Mitigating the Memcached DDoS Threat

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Several security companies recently detected a series of massive UDP amplification attacks leveraging vulnerabilities in Memcached servers to speed up dynamic Web applications by caching data and objects in RAM.

Link11 security analysts dubbed the new DDoS attack vector “Memcached Reflection,” noting that the attacks are similar to DNS reflection. “The attackers exploit the free caching system’s poorly secured installations: it can be reached unsecured via UDP port 11211 for reading and writing data, as well as querying statistics,” Link11’s Oliver Adam wrote.

Cloudflare’s Marek Majkowski, who called the new attacks “Memcrashed,” noted that Memcashed is unfortunately well suited for these types of attacks. “The protocol specification shows that it’s one of the best protocols to use for amplification ever!” he enthused sarcastically. “There are absolutely zero checks, and the data WILL be delivered to the client, with blazing speed!”

In a blog post examining the threat, Nexusguard researchers wrote that at 51,000 times, the amplification effect achieved by these attacks greatly surpasses anything ever seen before. “To put into perspective how intimidating this new threat is, the 2016 attack on DNS provider DynDNS that knocked major Internet platforms and services in Europe and North America offline had an average amplification factor of 55,” they wrote.

GitHub acknowledged that the attack method was recently leveraged in the largest DDoS attack ever recorded, hitting this past Wednesday, February 28. “The attack originated from over a thousand different autonomous systems (ASNs) across tens of thousands of unique endpoints,” GitHub site reliability engineering manager Sam Kottler wrote. “It was an amplification attack using the memcached-based approach… that peaked at 1.35 Tbps via 126.9 million packets per second.”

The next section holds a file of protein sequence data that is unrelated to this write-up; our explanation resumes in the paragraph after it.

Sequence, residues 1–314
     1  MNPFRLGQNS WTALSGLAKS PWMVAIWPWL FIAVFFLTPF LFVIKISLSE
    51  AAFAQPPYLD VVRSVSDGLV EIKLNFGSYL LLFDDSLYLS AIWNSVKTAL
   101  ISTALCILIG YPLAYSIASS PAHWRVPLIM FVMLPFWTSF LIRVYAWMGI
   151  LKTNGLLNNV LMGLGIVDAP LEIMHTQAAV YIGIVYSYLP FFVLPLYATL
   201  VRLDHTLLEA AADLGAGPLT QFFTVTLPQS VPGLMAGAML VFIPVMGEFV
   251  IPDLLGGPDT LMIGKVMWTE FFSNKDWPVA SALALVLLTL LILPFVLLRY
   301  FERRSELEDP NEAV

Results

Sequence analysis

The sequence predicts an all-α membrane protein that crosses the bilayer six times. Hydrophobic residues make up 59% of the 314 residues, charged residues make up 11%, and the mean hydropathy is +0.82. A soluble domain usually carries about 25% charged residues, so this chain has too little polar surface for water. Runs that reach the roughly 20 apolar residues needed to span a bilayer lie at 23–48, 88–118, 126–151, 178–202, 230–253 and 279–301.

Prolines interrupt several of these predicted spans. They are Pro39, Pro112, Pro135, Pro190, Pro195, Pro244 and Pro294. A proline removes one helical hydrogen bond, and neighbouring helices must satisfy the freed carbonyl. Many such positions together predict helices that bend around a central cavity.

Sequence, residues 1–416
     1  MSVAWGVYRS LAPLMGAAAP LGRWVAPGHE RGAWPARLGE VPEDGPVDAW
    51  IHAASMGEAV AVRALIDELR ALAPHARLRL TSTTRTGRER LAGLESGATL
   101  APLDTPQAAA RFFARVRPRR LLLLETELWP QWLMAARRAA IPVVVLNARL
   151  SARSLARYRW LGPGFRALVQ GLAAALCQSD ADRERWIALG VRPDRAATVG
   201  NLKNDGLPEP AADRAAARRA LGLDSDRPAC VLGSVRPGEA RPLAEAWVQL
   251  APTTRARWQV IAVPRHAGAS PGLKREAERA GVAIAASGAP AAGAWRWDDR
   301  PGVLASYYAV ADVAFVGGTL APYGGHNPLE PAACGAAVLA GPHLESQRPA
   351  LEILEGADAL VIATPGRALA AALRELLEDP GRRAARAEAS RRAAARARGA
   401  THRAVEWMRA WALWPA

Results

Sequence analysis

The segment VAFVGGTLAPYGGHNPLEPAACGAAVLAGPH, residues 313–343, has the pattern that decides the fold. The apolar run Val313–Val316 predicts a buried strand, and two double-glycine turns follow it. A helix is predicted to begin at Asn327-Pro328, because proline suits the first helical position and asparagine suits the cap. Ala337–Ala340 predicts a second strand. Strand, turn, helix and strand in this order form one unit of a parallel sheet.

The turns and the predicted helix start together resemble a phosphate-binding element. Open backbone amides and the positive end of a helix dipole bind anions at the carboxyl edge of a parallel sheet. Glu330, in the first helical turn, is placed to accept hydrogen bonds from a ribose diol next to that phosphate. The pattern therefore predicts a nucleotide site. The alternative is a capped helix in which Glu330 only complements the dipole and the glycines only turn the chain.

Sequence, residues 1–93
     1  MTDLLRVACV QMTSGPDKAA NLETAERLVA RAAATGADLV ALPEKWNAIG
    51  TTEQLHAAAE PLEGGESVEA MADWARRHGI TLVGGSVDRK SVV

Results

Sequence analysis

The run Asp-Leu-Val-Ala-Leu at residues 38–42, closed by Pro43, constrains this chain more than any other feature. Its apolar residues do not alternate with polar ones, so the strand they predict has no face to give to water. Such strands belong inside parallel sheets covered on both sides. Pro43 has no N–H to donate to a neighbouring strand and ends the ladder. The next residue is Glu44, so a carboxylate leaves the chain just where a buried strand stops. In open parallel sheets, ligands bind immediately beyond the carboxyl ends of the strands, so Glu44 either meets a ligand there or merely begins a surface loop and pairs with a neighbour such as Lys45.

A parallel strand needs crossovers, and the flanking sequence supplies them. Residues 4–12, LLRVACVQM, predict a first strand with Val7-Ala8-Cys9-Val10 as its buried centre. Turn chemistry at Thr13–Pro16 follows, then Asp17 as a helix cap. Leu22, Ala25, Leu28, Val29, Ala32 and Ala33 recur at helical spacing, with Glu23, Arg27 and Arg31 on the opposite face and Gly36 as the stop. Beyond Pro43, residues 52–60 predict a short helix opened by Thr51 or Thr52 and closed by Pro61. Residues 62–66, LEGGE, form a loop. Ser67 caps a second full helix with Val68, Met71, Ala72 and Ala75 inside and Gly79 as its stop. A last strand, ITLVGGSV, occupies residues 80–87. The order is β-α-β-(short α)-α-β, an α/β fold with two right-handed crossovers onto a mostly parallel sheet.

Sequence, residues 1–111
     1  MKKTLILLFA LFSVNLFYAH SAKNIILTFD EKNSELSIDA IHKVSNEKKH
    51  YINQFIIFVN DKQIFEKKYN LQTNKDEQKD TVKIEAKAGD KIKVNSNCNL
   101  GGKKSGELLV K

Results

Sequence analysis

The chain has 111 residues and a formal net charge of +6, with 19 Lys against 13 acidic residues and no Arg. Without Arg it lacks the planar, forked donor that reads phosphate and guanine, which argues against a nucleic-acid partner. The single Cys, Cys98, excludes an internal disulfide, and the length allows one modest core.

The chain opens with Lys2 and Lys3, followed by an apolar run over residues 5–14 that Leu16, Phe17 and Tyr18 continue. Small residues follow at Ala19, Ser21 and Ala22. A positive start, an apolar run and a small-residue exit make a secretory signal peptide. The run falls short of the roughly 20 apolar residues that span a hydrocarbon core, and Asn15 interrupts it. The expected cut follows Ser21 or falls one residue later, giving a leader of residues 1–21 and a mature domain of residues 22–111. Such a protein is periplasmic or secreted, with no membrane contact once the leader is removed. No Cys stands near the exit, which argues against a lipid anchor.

Preventive measures

The threat continues to be significant. Cloudflare’s Majkowski noted that while just 5,729 unique source IPs of memcached servers have been detected so far, more than 88,000 open memcached servers can be found easily via Shodan.

“If you are using memcached, please disable UDP support if you are not using it,” Majkowski wrote. “On memcached startup you can specify –listen to listen only to localhost and -U 0 to disable UDP completely.”

In general, Majkowski begged all developers simply to stop using UDP. “If you must, please don’t enable it by default,” he wrote, adding, “If you do not know what an amplification attack is, I hereby forbid you from ever typing SOCK_DGRAM into your editor.”

Arbor Networks principal engineer Roland Dobbins wrote in a blog post that it’s crucial for network operators to “ensure they are prepared to detect, classify, traceback, and mitigate these attacks, as well as ensure that any memcached installations on their networks and/or networks of their end customers cannot be exploited as reflectors/amplifiers.”

“The first step in securing something is understanding it,” ExtraHop vice president of security Matt Cauthorn told eSecurity Planet?by email. “Having the ability to see traffic patterns, transactions, and service configurations from the perspective of the network is a crucial step in understanding and validating the behaviors of systems and the services they expose.”

Synopsys principal scientist Sammy Migues said by email that there are three key steps every operator of memcached servers should take to mitigate the threat:

  1. Ensure your memcached server is not exposed to the Internet.
  2. In every perimeter-facing firewall you have, immediately block all access from the Internet to UDP port 11211.
  3. Disable UDP on all memcached servers.

“On a more macro level, ISPs need to block spoofed packets from exiting their networks, and protocol developers need to better understand velocity checking and amplification attacks,” Migues added.

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